Many incoming MBA students have an extremely focused approach to their career search. They know what industry they want to work in, they know what companies they want to pursue and they can hit the ground running in terms of resume, networking, and interview prep.
However, if you’re like a lot of incoming MBAs (and me), you may be struggling even trying to focus your career search into a single function or concentration. This is totally expected and normal but it does put individuals who have yet to find their direction at a bit of a disadvantage. Time that would normally be spent preparing to capitalize on opportunities is allocated towards exploration of opportunities. The faster students can figure out where they want to go the more time they can spend making sure they get there.
It’s that time of the year again— the sweet spot in mid-August during which every television commercial features a troupe of fashionable grade schoolers doing choreographed dances to show off their new Old Navy jeans. It’s back to school!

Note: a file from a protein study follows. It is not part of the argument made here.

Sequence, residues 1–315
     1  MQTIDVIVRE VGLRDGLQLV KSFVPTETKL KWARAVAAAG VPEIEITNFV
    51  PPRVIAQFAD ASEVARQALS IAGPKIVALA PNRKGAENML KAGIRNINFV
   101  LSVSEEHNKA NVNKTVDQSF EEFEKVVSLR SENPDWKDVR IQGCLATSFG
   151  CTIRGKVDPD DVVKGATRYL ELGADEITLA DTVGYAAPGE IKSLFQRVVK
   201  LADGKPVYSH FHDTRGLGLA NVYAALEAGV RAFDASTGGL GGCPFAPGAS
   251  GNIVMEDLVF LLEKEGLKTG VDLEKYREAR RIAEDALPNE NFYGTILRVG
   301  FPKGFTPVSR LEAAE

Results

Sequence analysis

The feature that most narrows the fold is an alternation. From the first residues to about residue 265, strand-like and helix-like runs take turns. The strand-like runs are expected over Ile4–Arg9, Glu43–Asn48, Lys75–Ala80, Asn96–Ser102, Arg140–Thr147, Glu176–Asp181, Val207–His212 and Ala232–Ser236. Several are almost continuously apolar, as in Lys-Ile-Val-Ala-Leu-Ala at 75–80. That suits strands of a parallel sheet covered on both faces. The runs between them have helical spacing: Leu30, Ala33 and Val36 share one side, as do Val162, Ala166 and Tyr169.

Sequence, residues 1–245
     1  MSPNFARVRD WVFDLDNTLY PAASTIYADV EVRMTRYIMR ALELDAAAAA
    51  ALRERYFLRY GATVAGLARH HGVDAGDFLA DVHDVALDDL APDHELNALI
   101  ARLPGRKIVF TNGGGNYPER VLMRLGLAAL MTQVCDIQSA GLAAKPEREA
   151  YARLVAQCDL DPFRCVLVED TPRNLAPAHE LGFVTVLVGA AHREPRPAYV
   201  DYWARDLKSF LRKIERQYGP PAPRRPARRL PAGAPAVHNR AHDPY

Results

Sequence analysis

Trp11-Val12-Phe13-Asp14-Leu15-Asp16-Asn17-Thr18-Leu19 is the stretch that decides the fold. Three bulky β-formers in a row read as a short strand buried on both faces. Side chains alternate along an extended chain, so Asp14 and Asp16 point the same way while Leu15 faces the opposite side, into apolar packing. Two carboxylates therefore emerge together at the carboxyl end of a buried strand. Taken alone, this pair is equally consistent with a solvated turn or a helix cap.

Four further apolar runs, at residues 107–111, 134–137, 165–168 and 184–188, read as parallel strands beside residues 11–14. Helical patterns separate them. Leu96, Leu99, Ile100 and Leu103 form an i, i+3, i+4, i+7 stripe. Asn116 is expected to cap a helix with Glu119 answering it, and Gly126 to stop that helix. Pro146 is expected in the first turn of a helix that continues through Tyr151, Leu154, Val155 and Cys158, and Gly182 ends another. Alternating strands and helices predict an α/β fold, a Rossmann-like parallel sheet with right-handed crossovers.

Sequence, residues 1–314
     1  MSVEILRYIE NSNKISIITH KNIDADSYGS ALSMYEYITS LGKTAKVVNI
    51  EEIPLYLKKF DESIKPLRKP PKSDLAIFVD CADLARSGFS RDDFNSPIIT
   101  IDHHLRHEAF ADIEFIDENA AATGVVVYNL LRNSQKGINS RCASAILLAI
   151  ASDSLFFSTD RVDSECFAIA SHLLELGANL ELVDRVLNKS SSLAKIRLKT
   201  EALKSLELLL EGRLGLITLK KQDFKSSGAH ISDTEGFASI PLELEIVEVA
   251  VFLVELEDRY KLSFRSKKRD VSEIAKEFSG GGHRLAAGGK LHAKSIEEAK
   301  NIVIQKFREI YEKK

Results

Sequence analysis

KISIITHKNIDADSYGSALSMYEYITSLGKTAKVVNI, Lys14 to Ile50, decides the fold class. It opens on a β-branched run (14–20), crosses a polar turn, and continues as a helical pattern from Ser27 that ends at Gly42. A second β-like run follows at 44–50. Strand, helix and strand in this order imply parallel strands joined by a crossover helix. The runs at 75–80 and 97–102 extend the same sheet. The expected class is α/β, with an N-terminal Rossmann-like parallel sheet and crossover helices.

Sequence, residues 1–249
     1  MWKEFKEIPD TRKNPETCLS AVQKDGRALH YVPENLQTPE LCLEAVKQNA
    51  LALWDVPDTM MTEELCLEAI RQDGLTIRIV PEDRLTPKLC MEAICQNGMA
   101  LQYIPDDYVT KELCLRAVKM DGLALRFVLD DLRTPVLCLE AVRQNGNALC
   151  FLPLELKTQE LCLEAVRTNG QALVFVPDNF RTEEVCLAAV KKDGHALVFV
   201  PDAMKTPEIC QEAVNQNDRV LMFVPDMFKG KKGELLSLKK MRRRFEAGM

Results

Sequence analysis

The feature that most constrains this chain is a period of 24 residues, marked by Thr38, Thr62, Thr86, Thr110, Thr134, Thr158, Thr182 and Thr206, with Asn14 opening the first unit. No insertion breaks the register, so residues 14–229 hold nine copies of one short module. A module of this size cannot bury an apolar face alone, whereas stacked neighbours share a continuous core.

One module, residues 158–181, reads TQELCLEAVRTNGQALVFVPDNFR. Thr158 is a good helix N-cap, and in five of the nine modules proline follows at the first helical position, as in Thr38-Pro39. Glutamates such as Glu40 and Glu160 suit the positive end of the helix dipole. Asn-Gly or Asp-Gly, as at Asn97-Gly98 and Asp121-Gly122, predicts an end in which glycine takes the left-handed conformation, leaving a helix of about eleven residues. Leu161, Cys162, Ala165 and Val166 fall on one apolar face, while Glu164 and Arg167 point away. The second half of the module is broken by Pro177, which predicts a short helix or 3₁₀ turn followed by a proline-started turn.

First year Mendoza MBAs are already on campus for orientation and leadership workshops. I trust that they will be the best of friends by the time our grizzled second-years return at the end of the month. Speaking of our second-years, how was your summer?
My colleagues here at MBA IRISH ECHOES asked me to write about the famed Google interview process, given that I interned with Google Fiber during my time in the Notre Dame MBA program. Here is my story. Full disclosure: I may or may not have embellished some of the details.
I never liked using Google or other online search engines. I always preferred instead to shout my questions at passersby on the street, or (as is high fashion nowadays) to make up my own facts. However, when I received an email in February 2016 that Google wanted to interview me for a marketing internship with Google Fiber, I figured that visiting www.google.com might be a prudent first step in preparing for the interview. I regained consciousness some days later with dozens of tabs open in my browser, my keyboard imprinted on the side of my face, and my phone informing me that my interview began in five minutes. Continue reading “How not to get an internship at Google”